Image "Grayscaler" Chrome Extension

This codelab will walk you through the steps of building a Google Chrome Extension which will let users pick an image from the web and convert it to grayscale.

We’ll be using the following extension APIs:

We’ll be using some of these new HTML features:

You may install the completed extension from the Google Chrome Extensions gallery here.

Step 1: Requirements

To write an extension, make sure you have the following installed:

You do not need to know how to write an extension before completing this codelab.

Step 2: Project Setup

Create a folder somewhere on your computer to contain your extension’s code. Inside your extension’s folder, create a text file called manifest.json, with the following contents:

{
  "name": "Image 'Grayscaler' Extension",
  "version": "1.0.0",
  "description": "Select images with the context menu and convert to grayscale.",
  "icons": {
    "128" : "sample-128.png"
  }
}

Note that there is an icon file referenced in the manifest file. Feel free to make your own, but here’s one that has already been made:

sample-128.png
128 x 128 px

Put the icon in the same directory as the manifest.json file.

When you’re done, go to chrome://extensions in Google Chrome and click developer mode. Then click load unpacked extension and select your directory. Your first extension is done!

Step 3: Add a Background Page

The background page of an extension is loaded once and runs for as long as the extension stays active. Most of the logic of your extension will be here.

Add the following to your manifest:

{
  "name": "Image 'Grayscaler' Extension",
  "version": "1.0.1",
  "description": "Select images with the context menu and convert to grayscale.",
  "icons": {
    "128" : "sample-128.png"
  },
  "background_page": "background.html"
}

Create a new file named background.html with the following code:

<!DOCTYPE html>
<html>
  <head>
  </head>
  <body>
    <script>
      console.log('Hello, world');
    </script>
  </body>
</html>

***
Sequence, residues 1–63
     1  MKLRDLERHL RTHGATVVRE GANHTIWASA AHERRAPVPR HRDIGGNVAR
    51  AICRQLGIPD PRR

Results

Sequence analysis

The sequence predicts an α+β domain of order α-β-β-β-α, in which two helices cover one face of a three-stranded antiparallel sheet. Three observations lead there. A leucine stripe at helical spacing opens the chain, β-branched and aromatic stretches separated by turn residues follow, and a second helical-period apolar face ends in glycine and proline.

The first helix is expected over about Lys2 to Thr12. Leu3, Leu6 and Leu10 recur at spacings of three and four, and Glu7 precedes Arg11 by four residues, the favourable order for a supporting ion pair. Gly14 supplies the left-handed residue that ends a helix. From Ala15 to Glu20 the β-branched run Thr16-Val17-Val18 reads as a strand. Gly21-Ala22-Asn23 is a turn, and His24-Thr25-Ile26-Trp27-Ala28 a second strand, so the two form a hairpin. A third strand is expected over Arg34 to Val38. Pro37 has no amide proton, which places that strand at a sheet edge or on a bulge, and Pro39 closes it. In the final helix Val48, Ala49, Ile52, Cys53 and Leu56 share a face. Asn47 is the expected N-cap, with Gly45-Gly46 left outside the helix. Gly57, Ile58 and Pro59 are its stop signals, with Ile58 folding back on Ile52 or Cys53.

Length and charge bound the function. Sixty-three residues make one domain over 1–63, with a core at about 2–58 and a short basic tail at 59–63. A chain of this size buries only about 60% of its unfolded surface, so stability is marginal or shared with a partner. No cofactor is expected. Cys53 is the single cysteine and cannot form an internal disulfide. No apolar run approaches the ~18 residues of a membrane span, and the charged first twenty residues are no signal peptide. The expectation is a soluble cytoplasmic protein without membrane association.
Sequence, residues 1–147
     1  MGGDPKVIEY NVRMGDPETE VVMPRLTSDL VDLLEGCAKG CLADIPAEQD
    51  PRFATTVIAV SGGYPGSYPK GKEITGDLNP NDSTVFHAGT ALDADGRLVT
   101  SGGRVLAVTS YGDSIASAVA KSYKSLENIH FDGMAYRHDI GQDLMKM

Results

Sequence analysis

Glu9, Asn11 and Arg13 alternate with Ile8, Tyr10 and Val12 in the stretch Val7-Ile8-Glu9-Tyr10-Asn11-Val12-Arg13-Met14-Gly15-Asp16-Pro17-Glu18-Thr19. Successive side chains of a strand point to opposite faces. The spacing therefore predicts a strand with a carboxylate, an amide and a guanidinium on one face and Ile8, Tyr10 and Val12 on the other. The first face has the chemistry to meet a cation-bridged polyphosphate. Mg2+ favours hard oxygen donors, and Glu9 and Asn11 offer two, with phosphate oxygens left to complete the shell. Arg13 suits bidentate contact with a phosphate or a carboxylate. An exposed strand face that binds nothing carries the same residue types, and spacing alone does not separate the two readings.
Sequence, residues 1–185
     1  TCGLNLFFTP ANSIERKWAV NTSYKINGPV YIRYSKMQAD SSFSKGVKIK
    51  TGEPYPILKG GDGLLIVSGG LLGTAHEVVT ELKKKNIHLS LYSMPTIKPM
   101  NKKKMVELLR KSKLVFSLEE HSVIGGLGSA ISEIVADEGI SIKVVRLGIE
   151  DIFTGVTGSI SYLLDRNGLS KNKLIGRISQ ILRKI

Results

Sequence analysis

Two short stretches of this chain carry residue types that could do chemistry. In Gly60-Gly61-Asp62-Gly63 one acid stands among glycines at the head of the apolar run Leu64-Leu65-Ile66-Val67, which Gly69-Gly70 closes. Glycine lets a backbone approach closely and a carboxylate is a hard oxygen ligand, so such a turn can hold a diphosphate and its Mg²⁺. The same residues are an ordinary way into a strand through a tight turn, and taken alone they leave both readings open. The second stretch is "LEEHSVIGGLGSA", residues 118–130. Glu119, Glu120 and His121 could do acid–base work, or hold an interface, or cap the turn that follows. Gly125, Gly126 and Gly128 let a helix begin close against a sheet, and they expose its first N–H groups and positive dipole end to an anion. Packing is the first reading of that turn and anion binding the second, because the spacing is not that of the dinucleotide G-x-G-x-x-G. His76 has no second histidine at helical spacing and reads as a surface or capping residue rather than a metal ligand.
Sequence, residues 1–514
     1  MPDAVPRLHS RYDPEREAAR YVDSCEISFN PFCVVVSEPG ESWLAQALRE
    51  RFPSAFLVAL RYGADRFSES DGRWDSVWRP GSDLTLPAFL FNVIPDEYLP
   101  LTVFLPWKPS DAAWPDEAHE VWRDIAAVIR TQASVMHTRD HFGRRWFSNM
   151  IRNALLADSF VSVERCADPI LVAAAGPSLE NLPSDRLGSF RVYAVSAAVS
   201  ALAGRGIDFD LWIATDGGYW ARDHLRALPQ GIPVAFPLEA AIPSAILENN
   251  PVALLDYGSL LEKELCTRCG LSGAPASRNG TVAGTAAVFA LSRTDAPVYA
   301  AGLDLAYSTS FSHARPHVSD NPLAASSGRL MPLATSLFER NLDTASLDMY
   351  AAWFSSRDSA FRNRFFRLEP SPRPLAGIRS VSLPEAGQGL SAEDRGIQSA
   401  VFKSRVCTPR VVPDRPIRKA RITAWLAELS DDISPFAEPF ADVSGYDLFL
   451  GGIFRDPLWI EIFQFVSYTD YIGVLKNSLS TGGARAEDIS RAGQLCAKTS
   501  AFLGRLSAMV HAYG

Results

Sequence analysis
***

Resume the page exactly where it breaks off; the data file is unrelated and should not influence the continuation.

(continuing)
Reload your extension on the chrome://extensions page and you will see an link for background.html listed. Clicking the link will open the inspector for the background page, and you will see your output in the console.

Step 4: Add a Context Menu

In order to modify images on web pages, the user will need a mechanism to select an image. Luckily, the context menus API will give us a quick way to access the URL of an image on the page.

Start by modifying your background page to register a context menu item:

<!DOCTYPE html>
<html>
  <head>
    <script>
      function onImageClick(data, tab) {
        console.log(data);
      };

      chrome.contextMenus.create({
        "title" : "Modify this image",
        "type" : "normal",
        "contexts" : ["image"],
        "onclick" : onImageClick
      });
    </script>
  </head>
  <body>
  </body>
</html>

The context menus API requires some permissions. Add the following to your manifest:

{
  "name": "Image 'Grayscaler' Extension",
  "version": "1.0.1",
  "description": "Select images with the context menu and convert to grayscale.",
  "icons": {
    "128" : "sample-128.png"
  },
  "background_page": "background.html",
  "permissions" : [ 
    "contextMenus",
    "http://*/*"
  ]
}

Now if you reload the extension and right click on an image, you should see a context menu item.